BY JAMIE CLOVER ADAMS
Director, Michigan Department of Agriculture and Rural Development
TRAVERSE CITY — With the end of 2013, it’s important for us to step back and reflect on some of the remarkable accomplishments for the year in Michigan’s food and agriculture sector.
Make no mistake about it -- there are literally hundreds of other victories that evolve every single day, many which we simply take for granted.
Thanks to the collaborative efforts of industry, the Michigan Economic Development Corporation, and local officials, we broke ground on a new dairy manufacturing facility in Cass City that will start processing in October 2014. This plant will process current milk supply in the thumb region and will increase investment in both supply chain opportunities and production.
Additionally, Imlay City’s community received an economic boost when the Vlasic pickle facility celebrated its official expansion earlier this year, adding about 30 permanent jobs and 500 seasonal positions. Pinnacle Foods, Vlasic’s parent company, spent $14 million to expand operations. Pinnacle owns many other iconic food brands, including Duncan Hines, Birds Eye and Mrs. Butterworth.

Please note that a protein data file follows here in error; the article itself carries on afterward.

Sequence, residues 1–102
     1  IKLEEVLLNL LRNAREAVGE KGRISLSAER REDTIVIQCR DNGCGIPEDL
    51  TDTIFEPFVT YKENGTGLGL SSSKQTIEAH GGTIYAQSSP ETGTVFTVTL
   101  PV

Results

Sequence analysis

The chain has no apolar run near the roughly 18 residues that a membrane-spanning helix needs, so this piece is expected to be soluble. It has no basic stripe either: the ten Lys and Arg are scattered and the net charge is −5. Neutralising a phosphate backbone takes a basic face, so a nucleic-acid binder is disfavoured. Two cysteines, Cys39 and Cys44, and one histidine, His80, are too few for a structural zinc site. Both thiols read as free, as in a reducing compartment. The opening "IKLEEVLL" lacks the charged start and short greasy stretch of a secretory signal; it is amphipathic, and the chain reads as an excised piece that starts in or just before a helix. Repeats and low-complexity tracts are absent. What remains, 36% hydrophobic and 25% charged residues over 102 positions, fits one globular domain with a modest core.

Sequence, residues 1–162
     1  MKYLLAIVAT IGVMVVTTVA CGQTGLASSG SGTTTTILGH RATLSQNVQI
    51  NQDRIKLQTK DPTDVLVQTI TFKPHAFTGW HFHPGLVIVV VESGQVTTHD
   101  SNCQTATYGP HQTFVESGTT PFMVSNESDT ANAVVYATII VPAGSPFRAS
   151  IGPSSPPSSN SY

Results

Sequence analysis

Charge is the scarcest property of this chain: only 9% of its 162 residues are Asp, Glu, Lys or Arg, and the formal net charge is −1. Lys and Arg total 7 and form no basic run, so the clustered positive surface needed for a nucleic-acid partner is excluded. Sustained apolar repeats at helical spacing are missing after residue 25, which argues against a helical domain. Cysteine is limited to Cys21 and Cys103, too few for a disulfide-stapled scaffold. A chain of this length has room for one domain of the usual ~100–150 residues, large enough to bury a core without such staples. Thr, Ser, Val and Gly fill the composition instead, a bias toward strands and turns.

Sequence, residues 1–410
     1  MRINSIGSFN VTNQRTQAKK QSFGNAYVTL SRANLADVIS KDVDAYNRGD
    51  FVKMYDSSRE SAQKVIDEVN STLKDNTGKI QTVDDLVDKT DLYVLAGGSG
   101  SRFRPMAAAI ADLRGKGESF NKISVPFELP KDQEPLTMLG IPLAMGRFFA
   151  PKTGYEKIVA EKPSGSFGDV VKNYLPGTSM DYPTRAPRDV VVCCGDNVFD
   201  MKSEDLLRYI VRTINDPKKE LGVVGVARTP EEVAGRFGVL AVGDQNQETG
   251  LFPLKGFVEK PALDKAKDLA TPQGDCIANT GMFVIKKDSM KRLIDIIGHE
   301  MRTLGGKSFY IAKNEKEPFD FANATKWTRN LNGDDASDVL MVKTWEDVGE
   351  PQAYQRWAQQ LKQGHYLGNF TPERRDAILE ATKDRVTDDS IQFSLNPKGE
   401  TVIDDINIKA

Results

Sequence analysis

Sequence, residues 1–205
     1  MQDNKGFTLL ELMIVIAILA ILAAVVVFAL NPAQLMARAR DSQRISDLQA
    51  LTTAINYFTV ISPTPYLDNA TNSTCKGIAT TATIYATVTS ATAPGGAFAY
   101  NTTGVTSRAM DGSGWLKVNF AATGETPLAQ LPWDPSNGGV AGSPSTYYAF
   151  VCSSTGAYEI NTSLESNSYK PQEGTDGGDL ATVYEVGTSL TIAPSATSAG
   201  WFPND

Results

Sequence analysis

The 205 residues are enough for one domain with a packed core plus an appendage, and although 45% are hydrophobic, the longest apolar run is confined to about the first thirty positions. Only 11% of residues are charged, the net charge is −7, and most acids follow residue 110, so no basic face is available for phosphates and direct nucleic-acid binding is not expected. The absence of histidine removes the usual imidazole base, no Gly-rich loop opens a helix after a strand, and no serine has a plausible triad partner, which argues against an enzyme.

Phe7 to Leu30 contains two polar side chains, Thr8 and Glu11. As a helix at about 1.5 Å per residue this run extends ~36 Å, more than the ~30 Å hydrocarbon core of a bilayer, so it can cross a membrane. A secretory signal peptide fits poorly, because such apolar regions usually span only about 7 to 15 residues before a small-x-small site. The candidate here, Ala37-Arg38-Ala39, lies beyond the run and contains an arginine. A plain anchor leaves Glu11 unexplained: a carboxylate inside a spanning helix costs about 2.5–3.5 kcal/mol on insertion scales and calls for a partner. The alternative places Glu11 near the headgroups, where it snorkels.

Michigan’s dynamic food and agriculture industry also increased its global footprint in 2013 by facilitating the export of a variety of commodities from fruit and veggies to plants and trees to 83 different countries, including Canada, Mexico, China, Vietnam, Japan, and Brazil. The continued demand for Michigan’s high quality and diverse food and agriculture products is helping drive job creation and growing economic impact for our state’s communities. International exports provide more than 22,000 jobs and $3.2 billion annually in direct activity for Michigan’s local economy.
One thing I am especially proud of is MDARD’s Pet Food Investigation Team. This team - comprised of employees from our Pesticide and Plant Pest Management Division, Food and Dairy Division and Lab - received the Food and Drug Administration’s (FDA) Commissioner’s Special Citation, one of the highest-level awards at FDA for their work in Michigan’s 2012 Pet Food Salmonella Infantis outbreak recall response. The outbreak caused numerous human and animal illnesses that ultimately resulted in a massive nationwide pet food recall (over 30,000 tons). The team’s discovery is unique and serves as a national case study on the interconnection between animal feed safety and human health.
You’ll note that our accomplishments are strategically aligned with our priorities - kids, jobs, and a talented workforce remain at the forefront of reinventing Michigan. The outcomes we’ve witnessed this past year in the food and agriculture industry is evidence of our commitment to Michigan’s comeback.
So, this year, please thank a farmer or agriculture producer for their dedication to growing a safe and abundant food supply, but also for providing jobs and supporting their local communities.